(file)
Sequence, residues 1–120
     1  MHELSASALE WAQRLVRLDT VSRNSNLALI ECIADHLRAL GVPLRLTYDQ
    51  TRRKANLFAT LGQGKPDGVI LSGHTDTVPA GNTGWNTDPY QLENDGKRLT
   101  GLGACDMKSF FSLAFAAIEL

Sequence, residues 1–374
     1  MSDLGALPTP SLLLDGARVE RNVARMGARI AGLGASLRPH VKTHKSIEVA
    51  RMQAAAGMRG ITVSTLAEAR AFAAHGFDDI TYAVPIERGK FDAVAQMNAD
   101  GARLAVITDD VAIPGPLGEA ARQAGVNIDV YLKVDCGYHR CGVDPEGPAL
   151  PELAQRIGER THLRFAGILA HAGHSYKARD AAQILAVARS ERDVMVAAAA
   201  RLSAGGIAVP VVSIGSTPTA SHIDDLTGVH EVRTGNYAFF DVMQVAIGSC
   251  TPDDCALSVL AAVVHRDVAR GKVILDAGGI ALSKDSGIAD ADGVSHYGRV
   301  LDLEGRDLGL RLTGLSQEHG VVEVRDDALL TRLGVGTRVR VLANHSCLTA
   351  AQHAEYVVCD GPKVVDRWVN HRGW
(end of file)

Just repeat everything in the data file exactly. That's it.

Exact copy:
Sequence, residues 1–120
     1  MHELSASALE WAQRLVRLDT VSRNSNLALI ECIADHLRAL GVPLRLTYDQ
    51  TRRKANLFAT LGQGKPDGVI LSGHTDTVPA GNTGWNTDPY QLENDGKRLT
   101  GLGACDMKSF FSLAFAAIEL

Sequence, residues 1–374
     1  MSDLGALPTP SLLLDGARVE RNVARMGARI AGLGASLRPH VKTHKSIEVA
    51  RMQAAAGMRG ITVSTLAEAR AFAAHGFDDI TYAVPIERGK FDAVAQMNAD
   101  GARLAVITDD VAIPGPLGEA ARQAGVNIDV YLKVDCGYHR CGVDPEGPAL
   151  PELAQRIGER THLRFAGILA HAGHSYKARD AAQILAVARS ERDVMVAAAA
   201  RLSAGGIAVP VVSIGSTPTA SHIDDLTGVH EVRTGNYAFF DVMQVAIGSC
   251  TPDDCALSVL AAVVHRDVAR GKVILDAGGI ALSKDSGIAD ADGVSHYGRV
   301  LDLEGRDLGL RLTGLSQEHG VVEVRDDALL TRLGVGTRVR VLANHSCLTA
   351  AQHAEYVVCD GPKVVDRWVN HRGW